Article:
The dynamics of grassroots environmental protests in China: State-protest leader interactions and movement trajectories /

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Bibliographic Details
Author / Creator:Lin, Yen-chun, author.
Ann Arbor : ProQuest Dissertations & Theses, 2015
Description:1 electronic resource (185 pages)
Format: E-Resource Dissertations
Local Note:School code: 0330
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Other authors / contributors:University of Chicago. degree granting institution.
Notes:Advisors: Dingxin Zhao Committee members: Terry Clark; Dan Slater.
This item is not available from ProQuest Dissertations & Theses.
Dissertation Abstracts International, Volume: 77-02(E), Section: A.
Summary:In this dissertation, I systematically investigate variations in environmental participation, as well as environmental movement trajectories and state response in China. In the first chapter, using environmental participation data from the Chinese General Social Survey (CGSS) 2003, I examine the socio-political context of environmental participation in China. I performed ordinal logistic regression analyses and found that variables related to levels of engagement (media and environmental consciousness score) were consistently the strongest predictors of both quotidian and issue-based forms of environmental participation. Interestingly, with the increase in age, respondents became less likely to participate in issue-based environmental action such as petitioning, but with the decrease in age, respondents were less likely to engage in quotidian environmental behavior such as recycling. I provide a contextual explanation---in the Chinese socio-political context, age cohorts often exhibit characteristics that correspond to distinct political generations. There are two distinct political periods experienced by respondents in this survey---Mao era (1943--1976) and the reform era (1978--present). During the two political periods, individuals were exposed to political-environmental values, and the concept of "man'' versus "nature'' differed greatly, thereby shaping environmental participation outcomes. This chapter sets the stage for the case studies in later chapters, which demonstrate how elderly communities took part in trash separation campaigns in addition to protesting against trash incinerators, while younger communities utilized a wide variety of legal channels to deal with the incinerator construction issue, but were not as sustainable in terms of overall environmental participation. All case studies demonstrated community members' savviness of environmental information as gathered from media sources, indicating an overall high level of engagement with media sources for such information.
Through ethnographic work and interviews with protesters, government officials, and activists in non-governmental organizations (NGOs), the second chapter explores three urban community anti-incineration protest cases in Beijing. Contrary to movement strategy studies that neglect the role of "time'', I evaluate the timing and order of strategies and their effect on movement trajectories. I propose that we use the concept of "imprinting'' from organizational studies to consider the temporal relationship between movement stages, state-movement interactions, and state responses. To study the imprinting of protest strategies, we must think about the early stages of the movement and how these initial strategies were shaped by the structural context/environment. I found that imprints of initial social movement strategies can be seen in later relationships between the structure and the protest, as well as reflected in the nature of the protest itself, even after external structural conditions are altered.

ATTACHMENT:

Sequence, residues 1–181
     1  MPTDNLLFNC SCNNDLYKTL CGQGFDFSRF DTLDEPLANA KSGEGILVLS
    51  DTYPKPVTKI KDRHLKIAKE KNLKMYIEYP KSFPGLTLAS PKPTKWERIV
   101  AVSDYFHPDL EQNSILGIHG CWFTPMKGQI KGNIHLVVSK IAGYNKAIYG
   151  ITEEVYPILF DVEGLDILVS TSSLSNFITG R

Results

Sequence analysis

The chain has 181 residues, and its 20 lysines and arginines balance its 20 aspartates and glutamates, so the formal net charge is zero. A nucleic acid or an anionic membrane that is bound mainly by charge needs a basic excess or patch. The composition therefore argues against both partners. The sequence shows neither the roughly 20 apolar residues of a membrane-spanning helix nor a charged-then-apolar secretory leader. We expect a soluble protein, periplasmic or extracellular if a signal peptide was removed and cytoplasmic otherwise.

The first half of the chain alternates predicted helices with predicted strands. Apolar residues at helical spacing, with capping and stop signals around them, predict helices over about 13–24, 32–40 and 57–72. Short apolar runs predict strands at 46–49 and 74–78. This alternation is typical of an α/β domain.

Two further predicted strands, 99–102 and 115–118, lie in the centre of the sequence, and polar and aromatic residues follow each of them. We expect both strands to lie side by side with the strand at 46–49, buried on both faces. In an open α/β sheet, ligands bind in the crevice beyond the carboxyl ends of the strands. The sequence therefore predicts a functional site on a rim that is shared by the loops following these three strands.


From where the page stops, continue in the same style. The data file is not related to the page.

The third chapter examines movement frames and frame mechanisms in an authoritarian context. Which frames are more effective and why? In examining protest-related documents, hotline recordings, and government statements, I explore the mechanisms of selected movement frames and rhetoric in the three community environmental movements in Beijing. I demonstrate the following: Firstly, there are ambiguities in what is "legitimate'' on the part of the state, as demonstrated through state response to environmental grievances addressed through institutional channels. Secondly, in all communities, two protest frames emerged: the "legal frame'' and the "science frame''. The science frame was found to be the more effective frame in that it better engaged with concrete official environmental rhetoric rather than ambiguous legal concepts. Thirdly, even though the science frame is more effective compared to the legal frame, science frames are not necessarily "safe frames''. Frames alone do not determine movement outcomes. Rather, they need to be utilized in conjunction with protest strategies. Lastly, I found that the mechanism of science frames is the facilitation of government-protest dialogue and interaction, and not the short-term outcome of the movement (safe or not). In addition, this prolonged interaction made possible by the science frame led to longer-term consequences where the state attempted to reverse previously negative reactions. (Abstract shortened by UMI.).